To add to this, the game sets up the existence of massive electrical storms that wreak havoc whenever they appear. This mechanic is used a few times in the game either during cinematic sections or combat to add a touch more variety to an experience that could become tedious.
By adding these storms to a firefight, it completely changes how some projectiles function, often sending shots curving away from their target. Aside from pure gameplay changes, the storms also offer a beautiful backdrop that adds to the overall scenic aspects of Gears of War 4.
In terms of set pieces, Gears of War 4 introduces major set piece after major set piece in what feels like a constant upgrade in the drama and action. You visit massive locations like a dam or a mine shaft where you ride a flaming elevator down while holding off against waves of enemies. These breathe life into encounters and leave the campaign feeling as though it has more variety than the previous titles.
Graphically, the game is astounding. The Coalition has done a tremendous job at lighting and creating environments that evoke emotion. A few times during the quiet walk-and-talk sections, I’ve simply stopped and looked around at the dilapidation. Areas remind me of the quiet times in The Last of Us that flaunted rundown locations and scenes. Every element comes together to create truly breath-taking vistas and explosive cinematic sequences.
Gameplay is frequently broken up into on-rails sections to help with any repetition that might occur during the firefights. I often laughed at how outrageous the scenes would become. One sequence involved riding a Tarzan-like swing through an exploding chasm as you shoot and dodge enemies. It’s outrageous fun that never takes itself too seriously. One fault of the previous titles was definitely how seriously they took themselves.
Despite being full of quips, the previous games often felt like they were trying to be too stoic and manly. In Gears of War 4, the banter remains, but is often self-referential. I often found myself laughing at the way the characters talked with one another, offering gibes here and there without devolving into B-grade 90's movie one-liners. If a character ever said a one-liner, another would offer a well-timed retort. It was amusing to hear the characters discuss the fact that stating, “It’s all clear,” is a good way to jinx themselves.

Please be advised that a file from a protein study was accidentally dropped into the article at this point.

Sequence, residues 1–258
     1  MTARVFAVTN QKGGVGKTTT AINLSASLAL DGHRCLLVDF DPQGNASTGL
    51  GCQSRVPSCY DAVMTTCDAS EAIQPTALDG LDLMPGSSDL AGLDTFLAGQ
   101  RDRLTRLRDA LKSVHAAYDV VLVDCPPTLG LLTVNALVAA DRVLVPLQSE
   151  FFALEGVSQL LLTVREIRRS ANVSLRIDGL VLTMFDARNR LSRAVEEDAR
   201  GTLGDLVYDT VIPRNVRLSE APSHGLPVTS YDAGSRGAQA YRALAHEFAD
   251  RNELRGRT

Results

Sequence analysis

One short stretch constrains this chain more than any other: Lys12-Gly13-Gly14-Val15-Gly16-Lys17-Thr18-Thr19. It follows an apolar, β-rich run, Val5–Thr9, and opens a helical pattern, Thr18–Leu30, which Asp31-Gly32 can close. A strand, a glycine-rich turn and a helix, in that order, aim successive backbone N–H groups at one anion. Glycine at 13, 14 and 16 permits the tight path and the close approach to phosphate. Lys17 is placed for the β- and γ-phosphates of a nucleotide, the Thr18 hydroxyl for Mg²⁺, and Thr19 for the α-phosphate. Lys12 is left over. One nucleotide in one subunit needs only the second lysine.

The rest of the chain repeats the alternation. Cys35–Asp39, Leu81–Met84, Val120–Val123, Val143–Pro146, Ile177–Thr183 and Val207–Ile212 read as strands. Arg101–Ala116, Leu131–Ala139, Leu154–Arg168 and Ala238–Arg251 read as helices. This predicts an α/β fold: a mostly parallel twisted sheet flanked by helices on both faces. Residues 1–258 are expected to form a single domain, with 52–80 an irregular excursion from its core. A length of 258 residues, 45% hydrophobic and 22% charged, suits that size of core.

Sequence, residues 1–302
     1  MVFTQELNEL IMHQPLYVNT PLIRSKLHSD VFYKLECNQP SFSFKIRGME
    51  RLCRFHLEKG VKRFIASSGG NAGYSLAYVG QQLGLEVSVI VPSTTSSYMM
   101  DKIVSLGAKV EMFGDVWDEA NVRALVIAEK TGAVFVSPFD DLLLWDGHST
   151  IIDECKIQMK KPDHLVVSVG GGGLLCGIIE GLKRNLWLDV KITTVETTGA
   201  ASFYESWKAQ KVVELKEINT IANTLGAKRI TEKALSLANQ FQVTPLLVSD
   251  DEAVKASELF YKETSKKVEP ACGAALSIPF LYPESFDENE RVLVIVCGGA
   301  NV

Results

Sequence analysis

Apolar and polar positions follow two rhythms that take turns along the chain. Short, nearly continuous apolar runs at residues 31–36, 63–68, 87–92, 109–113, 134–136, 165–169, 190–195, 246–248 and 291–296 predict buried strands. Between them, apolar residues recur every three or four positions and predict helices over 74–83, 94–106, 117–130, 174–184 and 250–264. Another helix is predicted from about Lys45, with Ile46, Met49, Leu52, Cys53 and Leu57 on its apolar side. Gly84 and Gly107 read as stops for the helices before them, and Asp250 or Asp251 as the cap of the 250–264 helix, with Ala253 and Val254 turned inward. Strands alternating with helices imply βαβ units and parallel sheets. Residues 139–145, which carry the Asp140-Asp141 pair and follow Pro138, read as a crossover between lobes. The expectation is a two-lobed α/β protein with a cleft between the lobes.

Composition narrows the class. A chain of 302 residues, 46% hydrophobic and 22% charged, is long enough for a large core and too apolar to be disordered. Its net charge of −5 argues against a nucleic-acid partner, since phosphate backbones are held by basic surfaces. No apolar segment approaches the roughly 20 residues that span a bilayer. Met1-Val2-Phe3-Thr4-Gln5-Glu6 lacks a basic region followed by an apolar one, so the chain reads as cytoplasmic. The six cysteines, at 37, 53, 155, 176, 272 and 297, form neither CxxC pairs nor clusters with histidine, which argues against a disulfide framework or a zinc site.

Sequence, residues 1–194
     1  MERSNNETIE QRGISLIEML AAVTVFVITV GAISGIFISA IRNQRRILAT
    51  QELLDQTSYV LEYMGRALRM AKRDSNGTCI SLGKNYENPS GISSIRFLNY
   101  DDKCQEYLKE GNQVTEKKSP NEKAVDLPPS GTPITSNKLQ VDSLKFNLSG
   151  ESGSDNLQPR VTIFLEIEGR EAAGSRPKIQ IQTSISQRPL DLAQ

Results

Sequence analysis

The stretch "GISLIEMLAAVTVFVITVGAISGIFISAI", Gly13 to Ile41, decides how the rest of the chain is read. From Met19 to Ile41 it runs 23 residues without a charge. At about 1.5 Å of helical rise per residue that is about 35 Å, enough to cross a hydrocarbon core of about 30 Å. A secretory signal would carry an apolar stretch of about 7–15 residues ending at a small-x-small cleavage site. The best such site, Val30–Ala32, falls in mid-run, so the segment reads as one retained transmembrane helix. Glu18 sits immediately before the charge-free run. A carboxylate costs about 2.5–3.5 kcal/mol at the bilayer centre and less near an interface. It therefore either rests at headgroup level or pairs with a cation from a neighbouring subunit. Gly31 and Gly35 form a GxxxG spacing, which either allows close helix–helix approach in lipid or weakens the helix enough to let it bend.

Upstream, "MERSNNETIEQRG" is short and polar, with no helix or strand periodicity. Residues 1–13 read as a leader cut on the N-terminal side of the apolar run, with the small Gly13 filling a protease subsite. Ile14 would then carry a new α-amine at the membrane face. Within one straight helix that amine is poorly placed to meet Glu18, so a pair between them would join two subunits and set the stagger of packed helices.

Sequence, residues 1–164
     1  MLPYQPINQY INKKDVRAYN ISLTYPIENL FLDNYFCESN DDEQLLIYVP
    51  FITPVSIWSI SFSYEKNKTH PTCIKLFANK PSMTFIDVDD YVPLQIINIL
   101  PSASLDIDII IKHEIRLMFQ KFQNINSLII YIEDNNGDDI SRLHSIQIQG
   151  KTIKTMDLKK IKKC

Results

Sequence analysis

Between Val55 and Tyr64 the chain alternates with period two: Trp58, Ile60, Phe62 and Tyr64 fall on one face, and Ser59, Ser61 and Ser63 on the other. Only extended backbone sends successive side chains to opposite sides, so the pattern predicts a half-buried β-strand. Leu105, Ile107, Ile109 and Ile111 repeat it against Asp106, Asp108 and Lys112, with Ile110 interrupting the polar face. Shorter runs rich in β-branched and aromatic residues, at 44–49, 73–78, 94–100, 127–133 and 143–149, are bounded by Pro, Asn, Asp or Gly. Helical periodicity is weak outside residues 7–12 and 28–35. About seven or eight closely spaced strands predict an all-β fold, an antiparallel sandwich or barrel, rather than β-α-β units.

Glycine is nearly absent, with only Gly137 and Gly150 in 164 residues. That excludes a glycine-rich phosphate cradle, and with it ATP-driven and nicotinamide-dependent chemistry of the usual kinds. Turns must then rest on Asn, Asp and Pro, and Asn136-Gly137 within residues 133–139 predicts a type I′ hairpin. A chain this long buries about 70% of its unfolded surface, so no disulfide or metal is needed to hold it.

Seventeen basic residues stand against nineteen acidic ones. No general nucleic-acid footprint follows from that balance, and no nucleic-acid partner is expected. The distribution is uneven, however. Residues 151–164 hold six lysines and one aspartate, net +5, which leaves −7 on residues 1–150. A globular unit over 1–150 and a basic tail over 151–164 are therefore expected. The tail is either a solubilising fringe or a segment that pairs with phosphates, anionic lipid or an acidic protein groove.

Horde mode is back as well and better than ever with a few major changes. Each player must now take on a certain class that allows them to specialize in a specific area. The Engineer is able to purchase tech at a cheaper price, while the Scout can increase their health regeneration and shotgun damage.
All of these abilities are unlocked through a new card system that has become commonplace in modern shooters. You earn credits by playing and then use those credits to purchase card packs that go toward leveling your stats. While it can be frustrating to not have immediate access to everything, it helps give the Horde mode a sense of progression and purpose while also helping focus each player into a certain role.
The Fabricator from the campaign is also used during Horde mode and allows players to create fortifications or weapons at a price. Each enemy drops a currency which the Fabricator uses to generate these items. Instead of holding up in one location and killing enemies from afar, it creates a sense of urgency to quickly move around and collect as many credits as possible before the next wave starts.
Personally, I cannot wait to dive back into the campaign and play it again with a friend on Insane. The game offers split-screen
Gears of War 4 is an excellent return to form for the Gears franchise, and its new developer, The Coalition, has nailed the feel of the original games while introducing a few changes. There’s very little to complain about when it comes to this new entry, with everything fitting into place. Even the new card system isn’t offensive.
Gears of War 4 is one of those titles you will return to countless times, either for the solo experience or the carnage that the multiplayer and co-op introduce. Any concerns you might have had about a game company taking on a beloved series (343i *cough*) should be dispelled, because Gears of War 4 delivers again and again with the excitement and fun that the series is known for. Now it’s back to Horde mode for me.
Gears of War 4 Review
- Impressive visuals
- Excellent gameplay and mechanics
- Visceral weaponry
- Cheeky banter
- Doesn't push the envelope
- Predictable story